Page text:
Sunday, December 09, 2012

Admirable way of debating

First, Deschenes and Greenstone (2007, AER - all gated) debunked hedonic approach:

This paper measures the economic impact of climate change on US agricultural land by estimating the effect of random year-to-year variation in temperature and precipitation on agricultural profits. The preferred estimates indicate that climate change will increase annual profits by $1.3 billion in 2002 dollars (2002$) or 4 percent. This estimate is robust to numerous specification checks and relatively precise, so large negative or positive effects are unlikely. We also find the hedonic approach—which is the standard in the previous literature—to be unreliable be- cause it produces estimates that are extremely sensitive to seemingly minor choices about control variables, sample, and weighting. 

Then Fisher, Hanemann, Roberts, and Schlenker (2012, AER) criticised them: 

Conceptually, DG are correct in noting that omitted variables can in principle cause bias in a hedonic regression and that fixed effects can control for time-invariant idiosyncratic features of the unit of observation, in this case the county. However, it is also possible that fixed effects can increase the bias due to omitted variables if time-varying omitted variables (or data errors) are more strongly correlated with the treatment than time-invariant omitted variables that have been removed via the fixed effects. These fixed effects increase bias stemming from both endogeneity and measurement error. We have identified some important data errors and time-varying omitted variables, like storage, that are strongly correlated with both weather (the treatment variable) and DG's dependent variable, reported sales minus reported expenditures. These data errors and omitted variables bias toward zero results obtained by regressions that use sales as a proxy for production value.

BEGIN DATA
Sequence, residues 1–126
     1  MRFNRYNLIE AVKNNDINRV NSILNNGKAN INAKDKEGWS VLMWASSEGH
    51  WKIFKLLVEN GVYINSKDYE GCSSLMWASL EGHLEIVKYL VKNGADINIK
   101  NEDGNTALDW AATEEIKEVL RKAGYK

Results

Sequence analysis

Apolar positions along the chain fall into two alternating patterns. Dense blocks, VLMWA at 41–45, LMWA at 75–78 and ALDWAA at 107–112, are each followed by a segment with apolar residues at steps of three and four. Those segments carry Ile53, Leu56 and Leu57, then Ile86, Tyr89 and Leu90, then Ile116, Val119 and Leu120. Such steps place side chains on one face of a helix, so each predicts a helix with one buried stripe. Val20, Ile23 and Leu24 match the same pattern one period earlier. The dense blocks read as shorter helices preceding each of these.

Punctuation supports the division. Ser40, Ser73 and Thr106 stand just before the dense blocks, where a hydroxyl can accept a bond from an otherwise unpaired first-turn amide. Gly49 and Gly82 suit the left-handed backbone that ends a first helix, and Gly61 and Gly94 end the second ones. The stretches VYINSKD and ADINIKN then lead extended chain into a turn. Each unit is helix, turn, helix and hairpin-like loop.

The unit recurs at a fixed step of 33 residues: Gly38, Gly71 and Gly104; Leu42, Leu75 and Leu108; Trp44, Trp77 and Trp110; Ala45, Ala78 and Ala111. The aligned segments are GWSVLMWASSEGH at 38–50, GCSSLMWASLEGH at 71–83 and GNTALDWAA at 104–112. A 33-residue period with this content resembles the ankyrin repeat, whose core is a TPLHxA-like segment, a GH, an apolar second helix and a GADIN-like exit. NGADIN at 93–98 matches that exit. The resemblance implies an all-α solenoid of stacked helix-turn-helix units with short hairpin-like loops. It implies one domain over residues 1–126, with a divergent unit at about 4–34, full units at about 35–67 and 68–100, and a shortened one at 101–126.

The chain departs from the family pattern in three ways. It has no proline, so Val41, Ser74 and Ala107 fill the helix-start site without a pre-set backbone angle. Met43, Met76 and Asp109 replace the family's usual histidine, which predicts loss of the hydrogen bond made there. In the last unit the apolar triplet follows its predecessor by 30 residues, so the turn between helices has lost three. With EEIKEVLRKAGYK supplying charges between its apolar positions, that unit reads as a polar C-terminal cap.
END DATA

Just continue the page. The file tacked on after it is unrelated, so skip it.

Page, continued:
Then Deschenes and Greenstone (2012, AER) replied:

Fisher et al. (2012) (hereafter, FHRS) have uncovered coding and data errors in our paper, Deschênes and Greenstone (2007) (hereafter, DG). We acknowledge and are embarrassed by these mistakes. We are grateful to FHRS for uncovering them. We hope that this Reply will also contribute to advancing the literature on the vital ques- tion of the impact of climate change on the US agricultural sector. 

Look closely, how they exchanged data and computer code to get better understanding from both directions.

We remember, not long ago, a debate between Acemoglu-Robinson and Sachs were up. Very different kind - with the former got surprisingly uncool and even nasty.

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